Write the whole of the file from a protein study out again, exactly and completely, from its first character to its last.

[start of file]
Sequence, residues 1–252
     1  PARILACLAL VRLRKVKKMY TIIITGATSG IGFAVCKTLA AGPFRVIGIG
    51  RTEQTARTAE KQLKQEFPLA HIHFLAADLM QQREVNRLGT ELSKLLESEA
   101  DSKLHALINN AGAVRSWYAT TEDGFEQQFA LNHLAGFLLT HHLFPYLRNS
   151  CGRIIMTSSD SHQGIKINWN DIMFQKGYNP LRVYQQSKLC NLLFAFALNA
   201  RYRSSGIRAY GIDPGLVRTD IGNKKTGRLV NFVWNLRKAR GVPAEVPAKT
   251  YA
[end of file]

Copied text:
Sequence, residues 1–252
     1  PARILACLAL VRLRKVKKMY TIIITGATSG IGFAVCKTLA AGPFRVIGIG
    51  RTEQTARTAE KQLKQEFPLA HIHFLAADLM QQREVNRLGT ELSKLLESEA
   101  DSKLHALINN AGAVRSWYAT TEDGFEQQFA LNHLAGFLLT HHLFPYLRNS
   151  CGRIIMTSSD SHQGIKINWN DIMFQKGYNP LRVYQQSKLC NLLFAFALNA
   201  RYRSSGIRAY GIDPGLVRTD IGNKKTGRLV NFVWNLRKAR GVPAEVPAKT
   251  YA